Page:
The Yukon Quest 1,000 Mile International Sled Dog Race visited Pelly Crossing and Carmacks with education, fun, and rides on the agenda this past Monday.
Yukon Operations Manager, Laura Vinnedge, joined by Assistant Race Manager Briana Mackay, Yukon Quest veteran Rob Cooke, and his Shaytaan Siberians, hit the road for the third year to visit schools in two Yukon communities the race runs through in February. They visited Tantalus School in Carmacks providing a 45-minute presentation to approximately 50 students from kindergarten to grade seven. Both students and teachers took advantage of having the organization around, asking many enthusiastic questions about the race, sled dogs, and racing. After heading over to the Carmacks Recreation Centre where the after-school program is held, Cooke gave rides to around 20 lucky students on a short portion of the Yukon Quest trail. Each participating student received an official race poster, button or patch as a keepsake from the visit.
“The students at Tantalus School look forward to the yearly visit from the Yukon Quest team,” says Morgan Douglas, Tantalus School Principal. “Our students love visiting with the dogs, having dogsled rides, and hearing about the adventures of Rob and others on the Quest. We have a staff member, Dawn Baker, who helps groom the trail for the Carmacks part of the Quest as well, so our students are very familiar with the arrival of the teams. We also take our students to see the mushers and teams in February, which is an event they look forward to each year! Thank you to the Quest for coming to Tantalus School!”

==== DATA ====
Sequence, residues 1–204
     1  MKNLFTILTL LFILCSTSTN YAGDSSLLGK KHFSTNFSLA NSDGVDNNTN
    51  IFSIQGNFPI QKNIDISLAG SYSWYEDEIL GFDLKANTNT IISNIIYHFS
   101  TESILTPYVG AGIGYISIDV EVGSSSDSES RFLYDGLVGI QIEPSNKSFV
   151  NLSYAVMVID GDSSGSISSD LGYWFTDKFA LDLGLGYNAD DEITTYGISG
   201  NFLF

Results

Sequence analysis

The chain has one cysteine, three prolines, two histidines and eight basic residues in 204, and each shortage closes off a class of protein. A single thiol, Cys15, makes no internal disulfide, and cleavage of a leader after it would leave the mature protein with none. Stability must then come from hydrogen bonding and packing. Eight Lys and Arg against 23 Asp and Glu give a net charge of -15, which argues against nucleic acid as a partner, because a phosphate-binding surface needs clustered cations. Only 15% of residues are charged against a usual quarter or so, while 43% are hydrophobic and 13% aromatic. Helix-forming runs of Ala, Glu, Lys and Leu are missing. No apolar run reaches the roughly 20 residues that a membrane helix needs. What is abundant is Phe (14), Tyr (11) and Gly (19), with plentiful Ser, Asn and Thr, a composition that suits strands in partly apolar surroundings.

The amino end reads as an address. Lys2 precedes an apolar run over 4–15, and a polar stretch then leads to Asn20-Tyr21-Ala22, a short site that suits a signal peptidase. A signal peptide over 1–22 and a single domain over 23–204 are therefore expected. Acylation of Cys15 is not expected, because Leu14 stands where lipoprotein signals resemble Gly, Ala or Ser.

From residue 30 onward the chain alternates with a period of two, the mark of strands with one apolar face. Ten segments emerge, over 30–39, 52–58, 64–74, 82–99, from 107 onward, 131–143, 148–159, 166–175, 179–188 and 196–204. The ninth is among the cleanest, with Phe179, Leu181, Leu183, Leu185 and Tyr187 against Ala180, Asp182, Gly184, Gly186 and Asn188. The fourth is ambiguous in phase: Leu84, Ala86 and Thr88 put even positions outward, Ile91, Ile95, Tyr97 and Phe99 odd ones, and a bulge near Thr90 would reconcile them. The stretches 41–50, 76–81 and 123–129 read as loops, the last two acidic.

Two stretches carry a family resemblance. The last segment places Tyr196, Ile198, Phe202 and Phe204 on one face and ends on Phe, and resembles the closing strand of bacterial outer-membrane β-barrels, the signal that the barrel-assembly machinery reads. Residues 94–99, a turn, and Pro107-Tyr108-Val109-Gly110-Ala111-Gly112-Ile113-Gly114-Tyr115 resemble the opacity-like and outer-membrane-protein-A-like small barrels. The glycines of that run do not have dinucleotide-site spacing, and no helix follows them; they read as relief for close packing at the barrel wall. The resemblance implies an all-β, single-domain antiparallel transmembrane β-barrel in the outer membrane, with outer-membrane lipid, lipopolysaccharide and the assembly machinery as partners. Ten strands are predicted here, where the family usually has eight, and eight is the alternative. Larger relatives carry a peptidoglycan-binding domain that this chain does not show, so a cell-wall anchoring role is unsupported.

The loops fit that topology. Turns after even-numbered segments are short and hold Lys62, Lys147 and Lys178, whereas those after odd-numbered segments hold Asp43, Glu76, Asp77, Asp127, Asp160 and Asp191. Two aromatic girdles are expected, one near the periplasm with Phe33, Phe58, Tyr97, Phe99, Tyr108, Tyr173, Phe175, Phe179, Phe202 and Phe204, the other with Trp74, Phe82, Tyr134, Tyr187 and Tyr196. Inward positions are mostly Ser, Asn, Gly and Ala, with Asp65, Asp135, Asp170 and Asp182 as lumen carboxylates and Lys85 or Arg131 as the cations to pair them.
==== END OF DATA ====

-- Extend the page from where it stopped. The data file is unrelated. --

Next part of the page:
In Pelly Crossing they received a warm welcome at the Eliza Van Bibber School where Cooke gave a 20-minute presentation to students from kindergarten to grade six. The presentation focused on running the Yukon Quest which was very well-received and included dressing a student volunteer in his oversized parka, causing a delighted reaction from the crowd. Cooke showed the students how to put a harness and booties on one of the Shaytaan Siberians, Skits, and finished the visit off with sled rides around the school yard for approximately 28 students. Each student walked away with an official race poster, and the school was provided t-shirts to give away as prizes.
“This is the third time we have supported the Yukon Quest in visits to Pelly Crossing and Carmacks since 2013; we feel it is so important to give something back to these communities that every year open their doors, and hearts, to the Yukon Quest dog teams and make all of us, mushers, volunteers and staff feel so welcome in their communities,” says Rob Cooke, veteran musher and owner of Shaytaan Siberian Huskies. “I think the Quest would be a very different race without the huge support provided by Selkirk First Nation and Little Salmon and Carmacks First Nations and the respective communities of Pelly Crossing and Carmacks; it is hard to describe what a great feeling it is to pull into these checkpoints after a long, hard, and often very cold and remote run and seeing friendly, smiling and welcoming faces.”
“Building relationships with the communities along the trail is so important to the longevity of the race,” says Natalie Haltrich, Yukon Quest Executive Director – Yukon. “We rely on every community the race passes through on both sides of the border and if we can give back year-round, we’ll jump on that opportunity. Equally important to the organization is providing education about the race so members of the community are excited and come out to experience it when it passes through every year.”
The Yukon Quest would like to send a heartfelt thanks to Principal Joshua Korten, Acting Principal Angelita Seloterio and staff at Eliza Van Bibber School, Principal Morgan Douglas and staff at Tantalus School, and Cindy Underhill, George Kontogonis and their welcoming and enthusiastic after-school staff. Special gratitude to Selkirk First Nation and Little Salmon Carmacks First Nation for letting the Yukon Quest run this event on their traditional territories.